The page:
China and Russia are the new generations of personal wealth and every consumer goods
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Peter Botham Chief Investment Officer…
Central to our investment strategy for 2013 is the belief that there will be modest growth in global GDP and that America will not only provide the main stimulus but that it will surprise many with the degree of upturn as the year progresses. However, many of the developed countries of w e s t e r n E u r o p e , including the UK, will see little or no growth this year and it will be economies in the Far East and Russia that demonstrate the continuing structural shift in global wealth. Many economists and commentators spent a considerable amount of time last year speculating whether China would have a ‘hard’ or a ‘soft’ landing; in other words, would the Chinese economy slow down gradually from the rapid expansionary rates of the past ten years or would it fall back sharply and thus have a severe negative impact on the rest of the world, particularly on countries who relied on exports of raw materials to China. It now seems apparent that the inevitable slow down is not only gradual but is being effectively managed by the Chinese Government.
China is one of the few economic powers in the world which still has the full array of tools available for managing their economy. Western central banks are now unable to wield interest rates as part of their strategy for controlling demand but there is no such problem in China, where the latest Five Year Program has identified interest rates as a key tool for managing the economy by moving the focus away from saving and more towards spending.
This one notion is key to investment trends for the next decade and beyond. China and Russia are the new generators of personal wealth and every consumer goods company in the world is focusing an increasing proportion of its marketing and advertising budget towards these markets. Already the biggest export market for luxury cars from the likes of BMW, Daimler and Rolls Royce is China, as domestic consumption takes over from infrastructure expansion as the next driver of the Chinese economy. A similar trend has been witnessed in Russia where, despite the common perception of oil being the major determinant of economic prosperity, the consumer related sectors account for two thirds of gross domestic product and have driven more than 80% of this GDP growth since 2004 .( Source: Sperbank). Not only does this mean that Russian consumer stocks are too cheap when viewed on the basis of an international comparison but this creation of wealth benefits not just those companies based within Russia. One only has to look at shops in the West End of London to appreciate that most of the buyers for their luxury goods emanate from the Far East, Middle East and Russia and our advice to our clients has been that their portfolios should reflect this global shift in wealth by selecting those economies with the best growth prospects and also those companies which are able to benefit from this new wave of consumer prosperity.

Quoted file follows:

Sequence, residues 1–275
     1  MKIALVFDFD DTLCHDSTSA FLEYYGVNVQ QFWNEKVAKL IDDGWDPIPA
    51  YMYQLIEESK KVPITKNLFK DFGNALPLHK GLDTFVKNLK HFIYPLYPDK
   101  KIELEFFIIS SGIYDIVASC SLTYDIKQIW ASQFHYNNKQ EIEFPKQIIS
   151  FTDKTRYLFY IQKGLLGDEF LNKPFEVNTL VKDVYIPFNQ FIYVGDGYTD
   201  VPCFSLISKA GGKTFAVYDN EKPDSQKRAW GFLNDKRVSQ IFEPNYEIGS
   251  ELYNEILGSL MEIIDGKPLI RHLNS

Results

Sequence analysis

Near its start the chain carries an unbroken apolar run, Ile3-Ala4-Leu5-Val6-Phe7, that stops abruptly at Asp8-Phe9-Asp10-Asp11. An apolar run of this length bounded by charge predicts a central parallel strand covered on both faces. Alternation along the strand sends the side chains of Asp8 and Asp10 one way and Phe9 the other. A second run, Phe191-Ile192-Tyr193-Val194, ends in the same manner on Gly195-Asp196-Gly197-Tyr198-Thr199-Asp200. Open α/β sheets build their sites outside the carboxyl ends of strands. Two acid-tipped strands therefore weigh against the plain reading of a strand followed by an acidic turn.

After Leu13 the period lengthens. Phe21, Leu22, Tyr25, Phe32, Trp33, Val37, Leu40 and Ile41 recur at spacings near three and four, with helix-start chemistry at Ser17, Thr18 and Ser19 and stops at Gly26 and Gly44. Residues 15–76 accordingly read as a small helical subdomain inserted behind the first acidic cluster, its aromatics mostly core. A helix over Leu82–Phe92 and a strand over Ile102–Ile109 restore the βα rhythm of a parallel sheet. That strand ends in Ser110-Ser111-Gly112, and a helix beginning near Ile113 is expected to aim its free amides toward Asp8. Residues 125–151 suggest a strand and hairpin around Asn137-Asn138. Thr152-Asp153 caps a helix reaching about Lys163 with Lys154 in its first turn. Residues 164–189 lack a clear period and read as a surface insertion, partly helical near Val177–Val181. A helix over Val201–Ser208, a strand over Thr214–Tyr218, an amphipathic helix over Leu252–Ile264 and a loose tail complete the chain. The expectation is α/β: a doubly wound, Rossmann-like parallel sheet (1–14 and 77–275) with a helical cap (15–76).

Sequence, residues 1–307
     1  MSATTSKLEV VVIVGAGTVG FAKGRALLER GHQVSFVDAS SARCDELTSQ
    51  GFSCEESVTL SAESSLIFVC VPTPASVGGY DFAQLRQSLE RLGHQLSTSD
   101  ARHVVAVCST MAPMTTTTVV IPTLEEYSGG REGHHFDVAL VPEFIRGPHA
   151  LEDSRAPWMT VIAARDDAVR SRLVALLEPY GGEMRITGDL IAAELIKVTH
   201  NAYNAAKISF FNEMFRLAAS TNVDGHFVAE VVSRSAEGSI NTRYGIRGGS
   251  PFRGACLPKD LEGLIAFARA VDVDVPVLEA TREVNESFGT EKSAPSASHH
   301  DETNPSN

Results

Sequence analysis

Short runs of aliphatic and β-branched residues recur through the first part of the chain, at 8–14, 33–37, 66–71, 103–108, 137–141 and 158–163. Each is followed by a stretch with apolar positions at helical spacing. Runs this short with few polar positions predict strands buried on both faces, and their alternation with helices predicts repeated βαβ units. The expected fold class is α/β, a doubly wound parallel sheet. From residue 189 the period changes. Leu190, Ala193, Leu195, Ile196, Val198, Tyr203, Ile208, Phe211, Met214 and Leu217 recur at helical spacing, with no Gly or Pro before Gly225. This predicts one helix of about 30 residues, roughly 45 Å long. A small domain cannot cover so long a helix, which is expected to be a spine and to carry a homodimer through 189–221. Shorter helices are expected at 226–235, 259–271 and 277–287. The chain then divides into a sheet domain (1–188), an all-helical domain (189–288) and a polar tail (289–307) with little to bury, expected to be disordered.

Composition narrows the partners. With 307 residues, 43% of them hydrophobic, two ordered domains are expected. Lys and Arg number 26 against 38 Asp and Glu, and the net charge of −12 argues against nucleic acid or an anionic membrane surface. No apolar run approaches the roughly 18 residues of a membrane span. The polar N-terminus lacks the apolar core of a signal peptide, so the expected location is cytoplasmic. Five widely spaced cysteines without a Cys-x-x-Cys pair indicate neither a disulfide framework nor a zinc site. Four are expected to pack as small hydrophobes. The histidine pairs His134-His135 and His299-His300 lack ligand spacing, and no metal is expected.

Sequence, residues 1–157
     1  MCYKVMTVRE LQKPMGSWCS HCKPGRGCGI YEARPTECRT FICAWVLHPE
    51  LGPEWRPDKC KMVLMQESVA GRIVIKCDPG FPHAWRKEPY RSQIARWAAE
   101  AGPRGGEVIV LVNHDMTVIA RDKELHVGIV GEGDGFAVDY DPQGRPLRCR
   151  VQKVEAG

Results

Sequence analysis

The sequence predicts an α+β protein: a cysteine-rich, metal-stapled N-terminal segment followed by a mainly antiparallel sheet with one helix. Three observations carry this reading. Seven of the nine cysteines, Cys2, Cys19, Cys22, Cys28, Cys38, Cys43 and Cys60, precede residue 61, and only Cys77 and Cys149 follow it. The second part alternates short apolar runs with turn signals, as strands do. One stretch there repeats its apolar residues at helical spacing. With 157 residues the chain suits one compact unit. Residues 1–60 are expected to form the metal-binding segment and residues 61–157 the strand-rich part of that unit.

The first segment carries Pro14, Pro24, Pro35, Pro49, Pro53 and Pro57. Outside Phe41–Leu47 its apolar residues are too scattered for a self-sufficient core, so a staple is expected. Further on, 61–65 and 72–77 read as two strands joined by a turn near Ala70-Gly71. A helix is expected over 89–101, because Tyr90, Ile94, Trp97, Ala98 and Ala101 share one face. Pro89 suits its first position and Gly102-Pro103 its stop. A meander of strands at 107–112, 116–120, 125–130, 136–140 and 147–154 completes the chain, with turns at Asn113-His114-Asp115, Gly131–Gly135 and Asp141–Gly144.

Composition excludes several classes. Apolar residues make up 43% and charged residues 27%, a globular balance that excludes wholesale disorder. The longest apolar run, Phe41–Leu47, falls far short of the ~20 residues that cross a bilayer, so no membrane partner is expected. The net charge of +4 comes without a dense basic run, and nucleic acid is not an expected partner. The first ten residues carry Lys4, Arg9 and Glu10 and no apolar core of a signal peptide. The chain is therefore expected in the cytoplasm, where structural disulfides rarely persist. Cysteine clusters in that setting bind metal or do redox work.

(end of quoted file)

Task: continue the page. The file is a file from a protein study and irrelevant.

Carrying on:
The information contained in this commentary is provided by Brown Shipley for information purposes only. It does not constitute investment advice and should not be treated as a recommendation for investment. The past performance of an investment or market is no guarantee of future results. Any forecasts provided herein are based upon opinion of the market as at this date and are subject to change, depending on future changes in the market. Any prediction, projection or forecast on the economy, stock market or the economic trends of the markets is not necessarily indicative of the future or likely performance. Moreover, the information set forth herein speaks only as of the date indicated; it was not revised to take account of events which have occurred subsequent to the date indicated. The views expressed in this document constitute Brown Shipley’s judgment at the time of issue and are subject to change.
© Brown Shipley February 2013.